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Simonds' 33 points power Gainesville past Villa Rica in first round of Class AAAAA playoffs
Red Elephants next travel to fifth-ranked McIntosh Saturday in second round
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D’Marcus Simonds said he’d like to win a state championship to “leave this city with something to remember.”

In what could have been Simonds' final game on Gainesville’s home floor, the Georgia State signee certainly gave fans a half of basketball to remember.

Simonds poured in 33 points Wednesday, including 25 in the first half, to lead the Red Elephants to a 68-62 victory over Villa Rica in the opening round of the Class AAAAA state playoffs.

Gainesville (21-5) advances to face fifth-ranked McIntosh in the second round Saturday in Peachtree City.

“The (region) championship game (against Cedar Shoals) was basically a humbling experience for us,” Simonds said of the Red Elephants’ 70-48 loss last Saturday.

“We played absolutely horrible. We got destroyed by a team that played completely better than us, so that woke us up. So we came out here tonight and play Gainesville basketball the way coach tells us to.”

Gainesville clung to a three-point lead, 61-58, with 1:30 to play against Villa Rica (18-10), but played stingy defense the rest of the way and hit seven of their final eight free throws. The Red Elephants stretched their advantage to 66-58 on a pair of free throws by Messiah Dorsey with 31.4 seconds remaining.

Villa Rica never let Gainesville establish any breathing room in the opening quarter thanks largely to power forward Justus McWilliams, who scored eight of his team-high 20 points in the first period.

Neither team led by more than two points until McWilliams knocked down a 3-pointer with 11 seconds remaining in the quarter to give Villa Rica a 21-18 lead. Simonds responded with a 3-pointer of his own just three seconds before the buzzer to tie the game and deny the Wildcats the momentum going into the second quarter.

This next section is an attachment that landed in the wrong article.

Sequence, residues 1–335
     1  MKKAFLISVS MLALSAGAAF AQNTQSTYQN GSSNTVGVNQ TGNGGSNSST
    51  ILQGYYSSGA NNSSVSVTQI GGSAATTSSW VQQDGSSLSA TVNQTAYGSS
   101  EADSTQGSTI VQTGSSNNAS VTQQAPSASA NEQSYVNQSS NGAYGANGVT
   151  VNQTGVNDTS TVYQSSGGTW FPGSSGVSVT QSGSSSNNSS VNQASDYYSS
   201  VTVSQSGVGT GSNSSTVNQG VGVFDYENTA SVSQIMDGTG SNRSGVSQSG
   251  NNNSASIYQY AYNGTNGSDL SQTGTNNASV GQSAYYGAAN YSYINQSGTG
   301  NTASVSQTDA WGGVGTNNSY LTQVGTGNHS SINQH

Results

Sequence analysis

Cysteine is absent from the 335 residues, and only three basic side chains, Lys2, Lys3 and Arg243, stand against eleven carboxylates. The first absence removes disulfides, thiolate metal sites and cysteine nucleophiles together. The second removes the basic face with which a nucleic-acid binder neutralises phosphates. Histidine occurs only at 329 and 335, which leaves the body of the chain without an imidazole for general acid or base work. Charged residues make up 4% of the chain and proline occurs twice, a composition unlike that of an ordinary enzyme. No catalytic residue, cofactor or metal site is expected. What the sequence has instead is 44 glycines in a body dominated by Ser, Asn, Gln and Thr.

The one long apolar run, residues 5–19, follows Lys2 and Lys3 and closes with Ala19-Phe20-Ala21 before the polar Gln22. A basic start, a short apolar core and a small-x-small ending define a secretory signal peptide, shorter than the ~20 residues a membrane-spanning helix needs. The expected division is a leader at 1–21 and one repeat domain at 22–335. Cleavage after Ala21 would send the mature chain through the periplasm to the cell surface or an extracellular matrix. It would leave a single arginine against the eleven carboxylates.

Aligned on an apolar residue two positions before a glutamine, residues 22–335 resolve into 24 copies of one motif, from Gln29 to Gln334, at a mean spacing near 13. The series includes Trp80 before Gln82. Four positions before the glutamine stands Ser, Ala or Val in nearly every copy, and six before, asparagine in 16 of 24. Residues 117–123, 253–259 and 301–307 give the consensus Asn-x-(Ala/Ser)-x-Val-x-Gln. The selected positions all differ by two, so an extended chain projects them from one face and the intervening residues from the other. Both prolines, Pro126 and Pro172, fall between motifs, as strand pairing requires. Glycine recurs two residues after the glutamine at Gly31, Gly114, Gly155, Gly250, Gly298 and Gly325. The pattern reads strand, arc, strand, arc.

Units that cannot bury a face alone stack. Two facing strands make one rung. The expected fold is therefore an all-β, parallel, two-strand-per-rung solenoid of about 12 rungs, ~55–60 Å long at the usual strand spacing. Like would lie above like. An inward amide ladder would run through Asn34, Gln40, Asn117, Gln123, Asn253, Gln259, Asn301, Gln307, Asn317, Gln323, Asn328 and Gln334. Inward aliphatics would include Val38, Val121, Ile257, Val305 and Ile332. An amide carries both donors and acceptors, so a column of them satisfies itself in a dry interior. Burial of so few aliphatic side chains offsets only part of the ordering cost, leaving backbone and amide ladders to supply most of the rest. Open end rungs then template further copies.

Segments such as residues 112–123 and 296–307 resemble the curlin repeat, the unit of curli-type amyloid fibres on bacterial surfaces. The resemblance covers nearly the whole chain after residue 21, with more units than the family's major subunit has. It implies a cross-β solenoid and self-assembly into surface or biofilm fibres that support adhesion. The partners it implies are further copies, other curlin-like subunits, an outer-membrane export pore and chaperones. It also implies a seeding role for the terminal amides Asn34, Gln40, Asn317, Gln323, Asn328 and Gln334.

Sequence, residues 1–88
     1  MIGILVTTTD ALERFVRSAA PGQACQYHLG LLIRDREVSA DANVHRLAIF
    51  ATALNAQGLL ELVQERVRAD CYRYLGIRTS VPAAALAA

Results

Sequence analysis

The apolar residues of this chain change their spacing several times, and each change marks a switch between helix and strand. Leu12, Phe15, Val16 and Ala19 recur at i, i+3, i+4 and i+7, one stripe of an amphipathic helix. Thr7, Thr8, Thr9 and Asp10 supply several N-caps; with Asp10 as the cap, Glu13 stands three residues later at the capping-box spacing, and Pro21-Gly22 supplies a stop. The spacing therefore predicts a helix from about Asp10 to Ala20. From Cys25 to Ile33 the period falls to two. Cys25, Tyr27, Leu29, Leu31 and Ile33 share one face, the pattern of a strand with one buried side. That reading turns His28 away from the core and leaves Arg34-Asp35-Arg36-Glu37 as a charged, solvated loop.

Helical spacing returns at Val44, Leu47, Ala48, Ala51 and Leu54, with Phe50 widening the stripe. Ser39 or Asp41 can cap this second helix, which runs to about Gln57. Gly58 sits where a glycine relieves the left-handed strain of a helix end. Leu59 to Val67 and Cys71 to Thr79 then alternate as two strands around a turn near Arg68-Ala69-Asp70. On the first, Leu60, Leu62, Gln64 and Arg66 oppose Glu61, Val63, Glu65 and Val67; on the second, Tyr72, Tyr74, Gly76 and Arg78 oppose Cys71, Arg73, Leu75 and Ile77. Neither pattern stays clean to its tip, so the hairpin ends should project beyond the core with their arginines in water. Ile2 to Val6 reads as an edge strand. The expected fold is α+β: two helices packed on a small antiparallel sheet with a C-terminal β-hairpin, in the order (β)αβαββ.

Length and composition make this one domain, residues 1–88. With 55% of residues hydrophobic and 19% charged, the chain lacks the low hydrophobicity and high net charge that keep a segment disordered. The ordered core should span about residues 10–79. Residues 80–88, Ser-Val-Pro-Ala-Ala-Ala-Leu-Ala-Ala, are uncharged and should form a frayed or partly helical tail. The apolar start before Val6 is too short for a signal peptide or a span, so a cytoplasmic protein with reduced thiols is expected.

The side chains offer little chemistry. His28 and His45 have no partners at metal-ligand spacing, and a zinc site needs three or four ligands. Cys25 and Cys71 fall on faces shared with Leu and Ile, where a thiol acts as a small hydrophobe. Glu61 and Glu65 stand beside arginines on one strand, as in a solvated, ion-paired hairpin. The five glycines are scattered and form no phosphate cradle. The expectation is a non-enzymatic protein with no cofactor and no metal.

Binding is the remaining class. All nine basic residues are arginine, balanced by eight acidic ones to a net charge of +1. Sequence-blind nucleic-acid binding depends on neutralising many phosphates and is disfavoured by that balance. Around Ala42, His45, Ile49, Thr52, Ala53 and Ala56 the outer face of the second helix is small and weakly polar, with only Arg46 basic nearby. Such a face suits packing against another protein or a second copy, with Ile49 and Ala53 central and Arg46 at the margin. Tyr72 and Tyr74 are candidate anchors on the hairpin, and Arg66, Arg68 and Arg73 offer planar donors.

Simonds finished the first period with 15 points.

“We come out every game and just kind of see what’s there,” Gainesville coach Benjie Wood said.

“If you’re going to try to cover him (Simonds) one-on-one, I don’t know many people in the state that can do that. And when people start trying to gap him up and double him, he makes the right passes.”

Simonds later scored Gainesville’s final three baskets before halftime — all on transition layups — to give the Red Elephants a 36-29 lead going into halftime.

Villa Rica clamped down on Simonds in the second half and limited him to only one point in the third quarter. Instead, Simonds turned into a playmaker early in the third quarter, as he assisted Bailey Minor and K.J. Buffen on baskets that pushed Gainesville’s lead to 43-31.

“They just toughened up on ‘D,’” Simonds said. “They put number 15 (R.J. Williams) on me and he’s a great defender.
“My teammates made shots, I facilitated for them and it was just an overall good game and I’m glad we got it.”

Villa Rica twice cut Gainesville’s lead to three points later in the third quarter behind a balanced offensive effort that featured more than just McWilliams. Noah Smith (12 points), Tye Hill (10) and Nigel Taylor (10) all stepped up in the second half and finished in double figures for Villa Rica.

The Red Elephants reestablished a cushion in the fourth quarter thanks to a pair of Villa Rica turnovers that led to a 6-0 run that included dunks by Buffen and Simonds, pushing the lead to 59-50 with 5:58 remaining.

“We mix our pressures up into where we’re trapping or not trapping, and what you want to do is just keep the pressure on and hope you have that little spurt,” Wood said. “We talked about this, ‘Guys just keep the pressure on and that’ll be the difference in the game and it was.’”

Gainesville managed just two more points — both on free throws by Simonds — over the next 4:28 of play before sealing the win at the free throw line in the final 90 seconds.

Simonds came away from the win eager to take on McIntosh on the road, but also took time to reflect on his two years playing on the court at Gainesville High.

“Thank God for Gainesville,” Simonds said. “They took me in and made me feel like family. There’s nothing I can ever do to repay them for that.”

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